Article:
There is an amphitheater not five or so minutes from the cabins and a local church would put on Christmas productions. Every year we would bundle up in shirts layered with sweatshirts, winter jackets, scarves, gloves, hats, three pairs of socks, warm shoes, and blankets and we would STILL freeze our butts off. Hot apple cider provided a quick relief during intermission. The play was the same every year and even though we knew what was going to happen or what the characters were going to say (FLY DONKEY FLY!!!!) it was just something we looked forward to- a tradition that simply could not be broken. But nothing gold can stay, and a few years ago was the last performance the company put on.

Then would come the Thanksgiving feast and my grandmother and mum would wake up early and start cooking. We would dine like royalty with the most amazing dishes you could ever think of, after which we would watch the end of the parade and start Miracle on 34th street while silently asking ourselves WHY did we eat so much?

Then came black Friday, aka go to a GIANT shopping mall and get lost in the crowds and lines and many trips taking bags to the car so you don’t have to lug them around with you all the while looking at whoever would listen and shout “WHY DID WE COME ON THE BUSIEST DAY?” Again, a tradition that couldn’t be broken.

During these celebrations we would often pick my father up at the airport in time for him to celebrate Thanksgiving and do the annual coloring contest before he had to go back to work. And yes, I did say coloring contest. We have the same picture every year of two pilgrims which we have to color and the best one wins a prize. It gets VERY, VERY competitive. Sadly we would return home, exhausted from the travels but happy to see our cats, who we missed very much.

And then this thing called college happened. All the family were in separate states (except for my sister, she was in Florida with me) and we didn’t make it up to Heritage. I still got to bake the dishes with my grandmother at her house, the parade BOOMING on her television while my grandpa watched the football game in his office. My sister ended up having to work and didn’t get a chance to come over. I was really, really sad because I love my family so much and these special times we had during the holidays mean so much to me. And then last year I was in England for Thanksgiving and it really goes without saying that they don’t celebrate it over there, so the food was all wrong and I missed everyone.

It is finally fall here in Delaware. The weather has changed; there is a constant breeze reminding me the pumpkins will be out soon and the carnivals and fall festivals are just beginning. There is also a different smell to the air; the scents make me feel as though I am back in Heritage, reciting Romeo and Juliet out of the top of the moldy light house window. Reminding me of seeing a movie on Thanksgiving night, of baking pies and turkey and mashed potatoes. Of making biscuits from scratch and forgetting to take my rings off, accidentally filling each nook and cranny with dough and flour. I walk around listening to “Believe” by Josh Groban because during the parade one year he sang it and my grandma and I replayed it over and over at full volume. I’m homesick for a place that is much, much more than a home to me. It is when everyone in my family was happy; we laughed and talked and didn’t have the circumstances life has thrown at us. For one week I (really, really) tried not to fight with my sister but instead walk with her down the abandoned railroad tracks.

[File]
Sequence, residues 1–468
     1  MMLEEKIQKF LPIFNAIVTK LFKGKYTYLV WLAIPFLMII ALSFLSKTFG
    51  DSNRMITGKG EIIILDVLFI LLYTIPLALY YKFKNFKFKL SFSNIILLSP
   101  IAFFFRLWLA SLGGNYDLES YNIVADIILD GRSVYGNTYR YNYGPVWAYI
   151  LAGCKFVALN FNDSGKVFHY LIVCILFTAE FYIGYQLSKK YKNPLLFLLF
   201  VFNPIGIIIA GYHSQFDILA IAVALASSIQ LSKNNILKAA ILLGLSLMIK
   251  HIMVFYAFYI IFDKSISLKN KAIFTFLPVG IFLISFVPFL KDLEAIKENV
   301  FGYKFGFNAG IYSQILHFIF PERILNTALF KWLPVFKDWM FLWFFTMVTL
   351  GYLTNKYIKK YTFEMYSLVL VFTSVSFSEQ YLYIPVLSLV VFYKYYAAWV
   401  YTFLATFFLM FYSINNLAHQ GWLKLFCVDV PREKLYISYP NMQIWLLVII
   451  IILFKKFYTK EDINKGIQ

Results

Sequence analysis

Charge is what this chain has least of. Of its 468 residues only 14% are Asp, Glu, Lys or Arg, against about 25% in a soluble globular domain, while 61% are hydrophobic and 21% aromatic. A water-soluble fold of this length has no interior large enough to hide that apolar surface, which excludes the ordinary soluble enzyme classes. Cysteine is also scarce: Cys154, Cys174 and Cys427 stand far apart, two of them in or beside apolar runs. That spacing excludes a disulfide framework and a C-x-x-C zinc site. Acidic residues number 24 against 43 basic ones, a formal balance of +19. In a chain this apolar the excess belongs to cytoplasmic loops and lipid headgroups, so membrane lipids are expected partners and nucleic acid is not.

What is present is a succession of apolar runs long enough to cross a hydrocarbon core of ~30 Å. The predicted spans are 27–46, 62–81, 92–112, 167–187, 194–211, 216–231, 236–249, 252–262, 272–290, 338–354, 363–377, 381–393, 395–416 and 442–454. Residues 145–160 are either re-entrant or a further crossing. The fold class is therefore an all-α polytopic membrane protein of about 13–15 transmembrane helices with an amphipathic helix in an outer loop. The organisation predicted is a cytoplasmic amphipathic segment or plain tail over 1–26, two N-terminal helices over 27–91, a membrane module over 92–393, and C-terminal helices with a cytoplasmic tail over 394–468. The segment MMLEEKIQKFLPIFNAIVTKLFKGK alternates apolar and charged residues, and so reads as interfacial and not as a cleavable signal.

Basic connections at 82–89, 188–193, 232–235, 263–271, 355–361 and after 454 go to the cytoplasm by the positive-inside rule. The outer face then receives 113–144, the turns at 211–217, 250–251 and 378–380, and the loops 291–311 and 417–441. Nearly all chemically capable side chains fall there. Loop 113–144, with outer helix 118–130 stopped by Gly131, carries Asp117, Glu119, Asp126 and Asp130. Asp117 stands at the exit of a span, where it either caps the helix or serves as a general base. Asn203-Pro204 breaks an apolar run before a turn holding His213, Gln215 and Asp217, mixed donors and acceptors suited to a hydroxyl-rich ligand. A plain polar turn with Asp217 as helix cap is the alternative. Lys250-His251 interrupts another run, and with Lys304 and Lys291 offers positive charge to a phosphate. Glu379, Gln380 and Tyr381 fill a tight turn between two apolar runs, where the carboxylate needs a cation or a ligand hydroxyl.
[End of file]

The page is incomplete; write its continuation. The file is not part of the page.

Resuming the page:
But this year is different, in a good way. We are all heading back to the same exact log cabins for one last Thanksgiving before my grandma’s timeshare ends, where we will eat the familiar dishes and watch the parade and sing and listen to Kenny G play christmas tunes while we fall asleep. Sure we wont be able to shout FLY DONKEY FLY! along with the cast, but Main Street has opened again! And you better believe I am going to look at all the old shops, hotels, and darn it all, I am going to have another scoop of ice cream.

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Smiles all around.

Today I was attempting to do some homework that isn’t due until Friday, although ultimately the “you have all day Thursday to do it” battle won. Anyway, the homework required me opening a book that I ordered off of half.com. It was a little old book about teaching grammar to secondary students, no big deal, but when I opened it up (I hadn’t until this point) I saw this little note from the seller stuck inside the book:

Note!

I can’t tell you how much it brightened my day up! Thank you Sarah!